I also liked the anthology format, and I will say that this is the kind of book that would inspire me to go deeper into the world-building. However, the world hasn’t really grabbed me so far, and the backup features haven’t found the same balance between character and setting that the main story has.

Outsiders

Shane Bailey: I agree with you, the backup features have to do a lot more work with a lot less pages, maybe that’s why I felt such a weird disconnect with Arkham Knights because they had to fit so many character appearances in so few pages. It felt like a character was introduced every panel and it sort of bounced around without focusing on anything. Hopefully the creators will get used to the format as it’s supposed to stick around after the event.

Ultimately though, the main story is enough to bring me back every month and I still felt like I got my money’s worth even with the extra price point. It felt meaty and worth the cost unlike some of the other first issues.

JK Parkin: So I agree with Shane on the art — one surefire way to get me excited about a comic is to announce that Nick Derington is drawing it. He and Tamra Bonvillain did an excellent job together on Doom Patrol, which was certainly a different book than this, tonally. Doom Patrol was brighter and happier, and in some ways more “superhero-y,” as was the Batman story Derington drew for the Walmart 80-page giants. I think their work here shows their versatility, as they bring this dystopian, grittier Gotham to life. Bonvillain’s colors, especially, kept the tone in line with the story — somewhat darker and more foreboding than their previous work together without sacrificing their signature style.

Shane Bailey: The neon of the city really stands out against the dark of the alleys, too. I love that aspect.

JK Parkin: Storywise, I enjoyed the introduction of the Fox family here, and I like the interactions between Batman, the Bane gang and the two kids being pressured into joining. The super villain gangs seem like an extension or even tribute to the Joker gang that ran rampant through The Dark Knight Returns, so it wasn’t lost on me that we’re being presented with a future that might have some homages or parallels with the classic dystopian Batman future story. That being said, Tom, you make a good point about how some things like a paramilitary police force and the dystopian Gotham have become a bit cliche at this point. This is a new Batman, but the circumstances surrounding him don’t feel that new. I hope as more issues go by we get to see how he handles these circumstances differently than Bruce Wayne would. Given the time differences between this and Justice League, which I read last night, they seem to be hinting that he’s going to be more successful at cleaning up Gotham than Bruce ever was.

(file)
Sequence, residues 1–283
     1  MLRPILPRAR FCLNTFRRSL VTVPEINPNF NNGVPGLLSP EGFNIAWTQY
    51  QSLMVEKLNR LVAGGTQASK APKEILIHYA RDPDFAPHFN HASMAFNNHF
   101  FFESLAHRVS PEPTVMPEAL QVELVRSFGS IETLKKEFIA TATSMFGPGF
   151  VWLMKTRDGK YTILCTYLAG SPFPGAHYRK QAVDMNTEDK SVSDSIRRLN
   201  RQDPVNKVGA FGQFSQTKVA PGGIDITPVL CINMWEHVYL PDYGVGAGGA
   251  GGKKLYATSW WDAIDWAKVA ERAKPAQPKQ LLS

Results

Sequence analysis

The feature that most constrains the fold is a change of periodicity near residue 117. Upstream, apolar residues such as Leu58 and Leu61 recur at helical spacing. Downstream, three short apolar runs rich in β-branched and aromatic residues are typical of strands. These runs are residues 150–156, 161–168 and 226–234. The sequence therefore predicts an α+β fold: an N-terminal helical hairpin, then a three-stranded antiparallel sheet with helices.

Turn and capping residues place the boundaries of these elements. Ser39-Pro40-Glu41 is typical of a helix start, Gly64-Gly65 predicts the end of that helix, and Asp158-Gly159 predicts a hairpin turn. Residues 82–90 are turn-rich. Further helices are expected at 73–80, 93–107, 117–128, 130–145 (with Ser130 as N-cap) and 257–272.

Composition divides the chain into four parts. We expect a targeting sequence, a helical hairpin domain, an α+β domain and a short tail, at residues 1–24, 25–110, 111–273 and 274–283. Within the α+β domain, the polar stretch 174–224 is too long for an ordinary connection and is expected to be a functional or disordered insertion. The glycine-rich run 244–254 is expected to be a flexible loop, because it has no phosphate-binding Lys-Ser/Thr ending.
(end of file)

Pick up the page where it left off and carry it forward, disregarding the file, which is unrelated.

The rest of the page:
Arkham Knights

Shane Bailey: Yeah, they did a great job working in nods to Batman history in subtle ways.

You bring up a good point on the time differences between the books, and I touched on it before a bit, but they don’t really do a good job of setting a time this takes place compared to the other books, when reading them all you spend the first couple pages saying to yourself “huh? But I thought? Oh, I guess this is before the other book!”

Unless I missed it somewhere it would have been nice to have a quick timeline on the inside cover or something.

JK Parkin: The timeline graphic really helped set some context around “when” these stories are occurring.

Shane Bailey: I feel like you shouldn’t have to go outside the book for that, though; the everyday reader isn’t going to do that.

All in all, I really enjoyed the first taste of Future State though and it’s a welcome change from what we’ve seen before.

I want to know more, but just from this, I’d be happy if The Next Batman sticks around in some fashion.

JK Parkin: Agreed — I’m glad Ridley’s sticking with the character, too, in upcoming issues of Batman: Black and White and the DC Digital First miniseries that was just announced.

Tom Bondurant: One last thing about Batman himself. I am a lot less plugged into the rumor mill these days, so I wasn’t sure whether he was supposed to be Luke or Tim. I do think that the story misdirects the reader, because you have Luke talking about “a late night” and admonished not to be “Bruce Wayne” and then he goes to Tim/Jace, who seems like a supporting character in context. I actually liked that element, because a) it calls back indirectly to “The Case Of The Chemical Syndicate” (which ends by revealing Bruce is Batman) and b) it plays into this notion of Batman as a more mysterious figure with an agenda that isn’t necessarily the same as Bruce’s.

Superman of Metropolis